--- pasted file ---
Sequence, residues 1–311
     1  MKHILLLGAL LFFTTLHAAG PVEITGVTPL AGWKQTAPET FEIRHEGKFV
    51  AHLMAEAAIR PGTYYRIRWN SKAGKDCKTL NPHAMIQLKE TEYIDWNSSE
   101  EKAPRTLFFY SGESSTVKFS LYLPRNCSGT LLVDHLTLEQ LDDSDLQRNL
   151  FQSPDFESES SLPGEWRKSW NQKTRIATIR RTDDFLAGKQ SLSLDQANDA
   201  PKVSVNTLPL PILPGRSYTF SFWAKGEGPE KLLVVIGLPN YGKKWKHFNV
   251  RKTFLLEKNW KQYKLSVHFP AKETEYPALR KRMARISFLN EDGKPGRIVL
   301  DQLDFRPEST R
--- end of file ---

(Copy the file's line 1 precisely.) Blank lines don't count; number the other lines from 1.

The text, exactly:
Sequence, residues 1–311